Other ideas range from general monitoring of brain activity, sedation and pain relief, to uses for specific conditions I’ve never heard of: paraoesophageal atresia, meaning a piece of the gullet that leads from the mouth to the stomach is missing. Post-haemorrhagic hydrocephalus, a buildup of pressure in the brain following internal bleeding. Necrotising enterocolitis, when an infection punches a hole in the gut wall. It’s also common for babies who suffered trauma during birth to have their bodies deliberately cooled to reduce the risk of brain injury – they get rewarmed after three days but there’s currently no way to measure whether one of them might need more or less time at low temperature.
In all these cases, doctors can see a role for MRI – if it were on the unit, that is, where decisions are being made, and not in another part of the hospital. And the benefits of developing better treatment and care in the NICU would be enormous. In every case a whole lifetime is at stake.
There is something seductive about the images an MRI scanner can produce. But, like photos of my daughters, an MRI picture is not the real thing. It’s a multitude of data points, taken apart, processed and put back together to look like a brain. That it manages to be so lifelike – to create an image of an organ most of us will never actually see alive – is miraculous. However, it might be misleading if the doctors or parents who are making decisions are tempted to give MRI results too much weight compared with ultrasound or other tests.
Scaling it down
Jessop Wing is getting ready to receive one of the first prototype NICU scanners in the world. Responsible for it coming is Paul Griffiths, professor of radiology at the University of Sheffield. He’s been trying to give more babies access to MRI for over a decade. He and his colleagues even built a low-strength baby scanner, although the images it produced were not good enough for clinical use so it could only be used for research.
After years of development and delays, setbacks and solutions, the first baby was scanned in the prototype system in Sheffield on 22 March 2016. Now, in January 2017, I’ve come back to the Jessop Wing NICU in the city to see a baby being scanned myself.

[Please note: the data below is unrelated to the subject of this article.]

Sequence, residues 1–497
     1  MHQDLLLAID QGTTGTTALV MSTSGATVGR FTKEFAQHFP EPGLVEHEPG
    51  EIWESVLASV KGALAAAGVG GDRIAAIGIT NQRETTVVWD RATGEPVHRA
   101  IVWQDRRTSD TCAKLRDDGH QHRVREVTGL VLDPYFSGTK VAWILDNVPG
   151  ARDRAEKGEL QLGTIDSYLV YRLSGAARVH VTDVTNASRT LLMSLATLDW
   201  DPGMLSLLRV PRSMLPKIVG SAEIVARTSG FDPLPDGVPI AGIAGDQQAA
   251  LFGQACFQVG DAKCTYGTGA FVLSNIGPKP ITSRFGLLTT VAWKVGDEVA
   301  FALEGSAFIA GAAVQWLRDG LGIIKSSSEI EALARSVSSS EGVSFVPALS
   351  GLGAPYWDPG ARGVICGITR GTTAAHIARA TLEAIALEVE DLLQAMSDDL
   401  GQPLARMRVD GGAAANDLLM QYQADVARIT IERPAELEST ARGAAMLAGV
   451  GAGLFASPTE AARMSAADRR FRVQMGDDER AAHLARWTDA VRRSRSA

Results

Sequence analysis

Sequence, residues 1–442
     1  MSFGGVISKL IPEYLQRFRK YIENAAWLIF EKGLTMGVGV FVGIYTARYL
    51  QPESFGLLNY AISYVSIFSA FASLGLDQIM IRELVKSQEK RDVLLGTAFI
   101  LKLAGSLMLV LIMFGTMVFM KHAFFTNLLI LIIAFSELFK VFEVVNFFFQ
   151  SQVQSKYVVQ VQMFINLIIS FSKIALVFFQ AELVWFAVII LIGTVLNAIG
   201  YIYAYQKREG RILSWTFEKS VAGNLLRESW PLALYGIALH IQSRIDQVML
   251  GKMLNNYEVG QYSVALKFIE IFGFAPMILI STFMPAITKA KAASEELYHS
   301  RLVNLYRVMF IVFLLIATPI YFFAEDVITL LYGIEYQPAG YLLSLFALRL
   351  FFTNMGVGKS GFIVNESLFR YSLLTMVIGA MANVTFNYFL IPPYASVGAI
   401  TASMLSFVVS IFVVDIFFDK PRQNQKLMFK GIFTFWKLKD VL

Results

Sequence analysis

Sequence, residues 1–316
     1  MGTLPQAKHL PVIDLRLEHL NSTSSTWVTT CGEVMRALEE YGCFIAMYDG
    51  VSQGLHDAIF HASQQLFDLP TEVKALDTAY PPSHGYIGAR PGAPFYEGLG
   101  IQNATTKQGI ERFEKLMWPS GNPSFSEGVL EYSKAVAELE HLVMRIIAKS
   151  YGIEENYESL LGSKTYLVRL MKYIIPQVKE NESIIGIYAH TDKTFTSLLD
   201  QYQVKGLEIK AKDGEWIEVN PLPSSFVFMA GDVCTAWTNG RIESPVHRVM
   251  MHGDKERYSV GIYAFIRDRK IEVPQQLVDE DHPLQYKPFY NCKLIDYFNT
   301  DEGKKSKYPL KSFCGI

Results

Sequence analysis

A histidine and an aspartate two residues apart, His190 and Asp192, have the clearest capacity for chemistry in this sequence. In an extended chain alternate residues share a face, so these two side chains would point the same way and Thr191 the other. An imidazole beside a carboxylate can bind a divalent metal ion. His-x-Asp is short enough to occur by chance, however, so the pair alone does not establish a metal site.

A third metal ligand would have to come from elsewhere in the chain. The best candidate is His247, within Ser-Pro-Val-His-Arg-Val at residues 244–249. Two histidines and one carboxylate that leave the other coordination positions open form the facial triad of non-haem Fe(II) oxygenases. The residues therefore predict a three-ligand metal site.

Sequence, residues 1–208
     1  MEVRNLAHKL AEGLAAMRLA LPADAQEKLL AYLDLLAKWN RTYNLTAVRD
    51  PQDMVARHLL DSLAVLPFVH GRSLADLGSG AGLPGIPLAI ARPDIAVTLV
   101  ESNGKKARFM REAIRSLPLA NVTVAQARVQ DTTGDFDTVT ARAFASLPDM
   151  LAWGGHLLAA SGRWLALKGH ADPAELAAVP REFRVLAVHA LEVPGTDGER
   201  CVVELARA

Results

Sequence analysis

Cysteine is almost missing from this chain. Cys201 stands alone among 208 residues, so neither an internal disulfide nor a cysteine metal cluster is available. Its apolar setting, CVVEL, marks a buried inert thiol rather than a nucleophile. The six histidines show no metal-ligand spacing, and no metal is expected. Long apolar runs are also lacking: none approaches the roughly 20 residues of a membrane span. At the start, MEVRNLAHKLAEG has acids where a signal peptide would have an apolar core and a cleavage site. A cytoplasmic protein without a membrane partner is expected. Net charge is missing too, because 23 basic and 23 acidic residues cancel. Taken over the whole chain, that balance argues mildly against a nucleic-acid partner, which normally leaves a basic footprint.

Alice-Rose Westbrook was born in early November at just 24 weeks’ gestation. Things are touch and go for babies born so prematurely. But after nearly two and a half months on the NICU she is now stable enough to move to a ward in the nearby Children’s Hospital. This is despite there remaining a few weeks before she would have reached full term, and when she still weighs less than 1.4 kg. Before she leaves the wing, her parents, Rachael and Shaun, have agreed to let her be scanned in the prototype MRI machine.
Lying in her incubator in the NICU’s high dependency unit, she is settled into the custom-made swaddle and sling. The Velcro is fastened and ear defenders put on, but before she moves to the scanner, she’s given a feed to help her relax, maybe even make her a little sleepy while the scan is taking place.
When she’s quite finished sucking milk from her narrow feeding tube, Alice-Rose is lifted out, placed securely on a specially adapted trolley and wheeled out of the room. Two nurses push the trolley between them, walking slowly down the corridor. They leave the NICU, and the MRI is just across the hall.
The benefits of developing better treatment and care in the NICU would be enormous
The trolley fits snugly against the scanner, and the top slides with Alice-Rose into the machine. It is a close fit but she seems happy enough. Her mum is with her, as well as one of the NICU nurses, who gently pats her through her clothes. It’s a little cold in the scan room, so they raise the temperature by a couple of degrees. Then the rasping buzz of the machine begins, taking scans in 22 seconds each time. Grey-scale images appear on the operator’s screen and we are looking at Alice-Rose’s tiny brain.
From many scans such as this, the prototypes can be evaluated for safety, accuracy and clinical relevance. If the results are positive, it could spur a company like GE Healthcare [US pharmaceutical company and medical equipment manufacturer] to develop a new product: a scanner that transforms the way premature and sick newborns are cared for and treated.
Until the evidence starts coming through, however, it’s still baby steps for the baby MRI.
The is a condensed version of an article first published on Mosaic. Read the full feature here
Featured image: Aaron Tilley and Kerry Hughes